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Montevideo, May 28th 2023 - 22:33 UTC



Uruguay foresees economic growth, job creation and tax cuts

Tuesday, June 28th 2022 - 09:45 UTC
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If there is a growth higher than projected, there must be a decrease in taxes, Arbeleche explained If there is a growth higher than projected, there must be a decrease in taxes, Arbeleche explained

Uruguay's Economy Minister Azucena Arbeleche Monday said the Government foresees a 4.8% growth in 2022 and the creation of 40,000 jobs, which would make the lowering taxes feasible.

During a Council of Ministers review of the State's Accounts which are to be put up for Parliamentarian approval no later than Thursday this week, Arbeleche also explained some US$ 370 million will be allocated to the COVID-19 fund.

After the Council's meeting Monday, Arbeleche and her colleagues Pablo da Silveira (Education), Pablo Mieres (Labor), and Luis Alberto Heber (Interior) held a press conference in Montevideo, ahead of the Lower House appearance.

“Today we were reviewing what was the growth of the Uruguayan economy in 2021. The economy grew by 4.4% last year, and that was well above the estimates of analysts and the economic team itself. This growth went hand in hand with the generation of jobs: in 2021 almost all the jobs lost during the pandemic were recovered,” Arbeleche explained.

“In Uruguay, we have activity data, which correspond to the first quarter of this year: they are very positive data. The Uruguayan economy grew in relation to the same quarter of 2021 by more than 8%. If we add to that data the indicators we are seeing, which have to do with exports, industry, slaughtering, crop yields, the economic team feels today with the tranquility to project a new estimate of economic growth of 4.8%,” she added.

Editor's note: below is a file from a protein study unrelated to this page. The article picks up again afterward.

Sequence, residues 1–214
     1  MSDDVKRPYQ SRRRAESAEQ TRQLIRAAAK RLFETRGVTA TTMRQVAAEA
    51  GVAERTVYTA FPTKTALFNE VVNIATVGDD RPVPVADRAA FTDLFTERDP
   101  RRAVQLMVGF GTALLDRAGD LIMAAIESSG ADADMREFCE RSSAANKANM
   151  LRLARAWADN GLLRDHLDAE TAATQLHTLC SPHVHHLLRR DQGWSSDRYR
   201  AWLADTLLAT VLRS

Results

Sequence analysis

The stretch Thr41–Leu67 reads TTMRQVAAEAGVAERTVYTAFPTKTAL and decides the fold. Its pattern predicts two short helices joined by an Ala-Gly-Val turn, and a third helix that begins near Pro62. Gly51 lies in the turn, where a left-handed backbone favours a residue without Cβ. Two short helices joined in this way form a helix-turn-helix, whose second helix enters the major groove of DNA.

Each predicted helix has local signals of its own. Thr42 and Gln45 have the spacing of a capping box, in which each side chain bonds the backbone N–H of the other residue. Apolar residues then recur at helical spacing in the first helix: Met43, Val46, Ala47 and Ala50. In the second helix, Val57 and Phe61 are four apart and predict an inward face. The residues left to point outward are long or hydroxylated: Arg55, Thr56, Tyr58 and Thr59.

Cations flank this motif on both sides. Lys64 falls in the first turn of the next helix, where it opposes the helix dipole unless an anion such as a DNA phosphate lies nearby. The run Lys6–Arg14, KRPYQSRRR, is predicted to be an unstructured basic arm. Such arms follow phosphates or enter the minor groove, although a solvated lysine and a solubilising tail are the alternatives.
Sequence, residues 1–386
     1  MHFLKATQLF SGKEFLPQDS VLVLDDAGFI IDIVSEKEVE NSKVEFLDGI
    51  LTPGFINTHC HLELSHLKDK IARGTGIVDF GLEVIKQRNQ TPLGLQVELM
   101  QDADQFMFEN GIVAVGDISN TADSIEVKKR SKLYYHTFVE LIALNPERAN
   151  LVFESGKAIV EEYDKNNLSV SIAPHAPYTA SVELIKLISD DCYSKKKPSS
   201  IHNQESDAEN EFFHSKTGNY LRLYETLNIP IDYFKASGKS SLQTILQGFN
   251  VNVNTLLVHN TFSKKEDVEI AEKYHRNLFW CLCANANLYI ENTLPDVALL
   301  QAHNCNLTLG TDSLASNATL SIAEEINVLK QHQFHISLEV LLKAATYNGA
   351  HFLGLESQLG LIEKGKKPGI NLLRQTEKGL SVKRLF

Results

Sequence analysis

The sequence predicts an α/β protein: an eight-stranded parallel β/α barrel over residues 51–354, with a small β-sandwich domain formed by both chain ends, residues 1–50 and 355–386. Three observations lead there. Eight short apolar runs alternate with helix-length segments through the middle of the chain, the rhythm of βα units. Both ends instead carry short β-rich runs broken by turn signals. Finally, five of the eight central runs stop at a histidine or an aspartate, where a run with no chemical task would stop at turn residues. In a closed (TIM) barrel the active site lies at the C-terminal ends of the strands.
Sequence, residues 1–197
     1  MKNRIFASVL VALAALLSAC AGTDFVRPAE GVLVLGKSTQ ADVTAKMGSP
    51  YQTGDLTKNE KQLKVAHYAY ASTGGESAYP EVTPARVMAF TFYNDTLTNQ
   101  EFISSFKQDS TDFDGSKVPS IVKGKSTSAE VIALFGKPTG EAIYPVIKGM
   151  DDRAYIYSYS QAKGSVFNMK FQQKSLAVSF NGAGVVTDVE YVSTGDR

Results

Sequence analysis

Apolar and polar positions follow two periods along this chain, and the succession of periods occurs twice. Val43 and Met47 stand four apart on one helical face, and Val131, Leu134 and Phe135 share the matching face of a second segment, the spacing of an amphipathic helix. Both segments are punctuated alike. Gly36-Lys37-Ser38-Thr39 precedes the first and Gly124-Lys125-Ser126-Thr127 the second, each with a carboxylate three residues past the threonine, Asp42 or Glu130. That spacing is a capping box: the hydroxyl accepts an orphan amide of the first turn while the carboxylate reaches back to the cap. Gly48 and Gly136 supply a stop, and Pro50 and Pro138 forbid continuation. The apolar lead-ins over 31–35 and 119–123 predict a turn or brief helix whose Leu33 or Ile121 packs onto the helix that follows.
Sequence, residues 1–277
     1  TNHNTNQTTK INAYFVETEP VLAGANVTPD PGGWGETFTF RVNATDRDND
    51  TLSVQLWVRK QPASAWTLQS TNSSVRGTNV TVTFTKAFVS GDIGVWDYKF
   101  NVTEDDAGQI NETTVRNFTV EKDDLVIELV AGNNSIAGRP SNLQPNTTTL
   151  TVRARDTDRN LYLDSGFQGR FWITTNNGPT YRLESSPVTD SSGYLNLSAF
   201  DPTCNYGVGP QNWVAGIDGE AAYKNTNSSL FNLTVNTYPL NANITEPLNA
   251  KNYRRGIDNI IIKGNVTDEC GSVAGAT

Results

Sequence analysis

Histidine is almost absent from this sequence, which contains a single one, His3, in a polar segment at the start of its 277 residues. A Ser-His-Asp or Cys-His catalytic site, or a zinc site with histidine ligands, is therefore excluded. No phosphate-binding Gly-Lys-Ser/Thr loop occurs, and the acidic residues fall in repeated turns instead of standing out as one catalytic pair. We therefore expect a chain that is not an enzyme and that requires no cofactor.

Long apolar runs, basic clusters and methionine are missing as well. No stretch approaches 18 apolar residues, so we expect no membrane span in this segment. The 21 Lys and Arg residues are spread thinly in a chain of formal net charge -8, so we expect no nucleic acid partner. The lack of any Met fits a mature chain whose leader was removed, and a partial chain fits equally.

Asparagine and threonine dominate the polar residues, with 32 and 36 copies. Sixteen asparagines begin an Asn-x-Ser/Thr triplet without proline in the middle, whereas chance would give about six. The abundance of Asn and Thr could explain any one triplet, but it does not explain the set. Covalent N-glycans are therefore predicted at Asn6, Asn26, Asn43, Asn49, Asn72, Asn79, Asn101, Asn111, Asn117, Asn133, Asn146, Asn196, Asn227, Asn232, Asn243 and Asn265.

“The estimate we have today of economic growth for 2022 is 4.8%, one percentage point above what we estimated in February,” she also pointed out.

“This increased economic activity is going to come again with job creation, which is going to be close to 40,000, according to what we are projecting,” Arbeleche forecasted while assuring that education, security, and a salary recovery will be the administration's priorities.

“The axes of this Accountability have to do with a look to the future, to growth. Last year we allocated resources to a structural weakness, related to early childhood and housing solutions for the neediest. At this moment we are looking ahead, to make Uruguay grow more and Uruguayans be safer,” the minister insisted.

She added that the 2023 budget will seek to “consolidate the educational transformation that the country has been carrying out and now will be strengthened; consolidate the protection of our citizens, from the Ministry of the Interior; and the salary recovery that is beginning to be observed in civil servants.”

Arbeleche also said that once again “resources are made available for these transformations without increasing taxes,'' which ”speaks of a radical change in the country's economic policy: in the past, higher expenditures were financed by tax increases.'

“The president was very clear on March 2 in the General Assembly: if there was a higher growth than projected for this year, there was going to be an improvement in the tax burden and a decrease in taxes. This commitment is still in force,” Arbeleche highlighted.

Categories: Economy, Politics, Uruguay.

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